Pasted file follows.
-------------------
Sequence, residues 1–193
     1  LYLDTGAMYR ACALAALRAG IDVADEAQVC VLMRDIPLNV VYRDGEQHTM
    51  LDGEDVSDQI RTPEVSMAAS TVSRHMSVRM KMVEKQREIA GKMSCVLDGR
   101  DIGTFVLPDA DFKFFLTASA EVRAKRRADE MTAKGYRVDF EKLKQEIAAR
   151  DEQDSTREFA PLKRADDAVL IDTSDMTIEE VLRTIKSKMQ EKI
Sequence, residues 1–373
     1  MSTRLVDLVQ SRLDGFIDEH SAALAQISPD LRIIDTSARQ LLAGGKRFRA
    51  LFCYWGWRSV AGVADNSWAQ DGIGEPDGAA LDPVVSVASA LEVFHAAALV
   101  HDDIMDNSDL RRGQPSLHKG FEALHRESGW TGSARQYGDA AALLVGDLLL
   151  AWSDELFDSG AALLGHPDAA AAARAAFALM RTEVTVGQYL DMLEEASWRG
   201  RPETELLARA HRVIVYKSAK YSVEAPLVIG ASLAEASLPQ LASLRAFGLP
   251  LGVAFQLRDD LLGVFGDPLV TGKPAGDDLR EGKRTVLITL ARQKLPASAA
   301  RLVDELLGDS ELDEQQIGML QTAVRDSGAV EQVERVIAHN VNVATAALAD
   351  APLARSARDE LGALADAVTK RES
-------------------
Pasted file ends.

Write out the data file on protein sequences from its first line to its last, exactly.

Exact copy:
Sequence, residues 1–193
     1  LYLDTGAMYR ACALAALRAG IDVADEAQVC VLMRDIPLNV VYRDGEQHTM
    51  LDGEDVSDQI RTPEVSMAAS TVSRHMSVRM KMVEKQREIA GKMSCVLDGR
   101  DIGTFVLPDA DFKFFLTASA EVRAKRRADE MTAKGYRVDF EKLKQEIAAR
   151  DEQDSTREFA PLKRADDAVL IDTSDMTIEE VLRTIKSKMQ EKI
Sequence, residues 1–373
     1  MSTRLVDLVQ SRLDGFIDEH SAALAQISPD LRIIDTSARQ LLAGGKRFRA
    51  LFCYWGWRSV AGVADNSWAQ DGIGEPDGAA LDPVVSVASA LEVFHAAALV
   101  HDDIMDNSDL RRGQPSLHKG FEALHRESGW TGSARQYGDA AALLVGDLLL
   151  AWSDELFDSG AALLGHPDAA AAARAAFALM RTEVTVGQYL DMLEEASWRG
   201  RPETELLARA HRVIVYKSAK YSVEAPLVIG ASLAEASLPQ LASLRAFGLP
   251  LGVAFQLRDD LLGVFGDPLV TGKPAGDDLR EGKRTVLITL ARQKLPASAA
   301  RLVDELLGDS ELDEQQIGML QTAVRDSGAV EQVERVIAHN VNVATAALAD
   351  APLARSARDE LGALADAVTK RES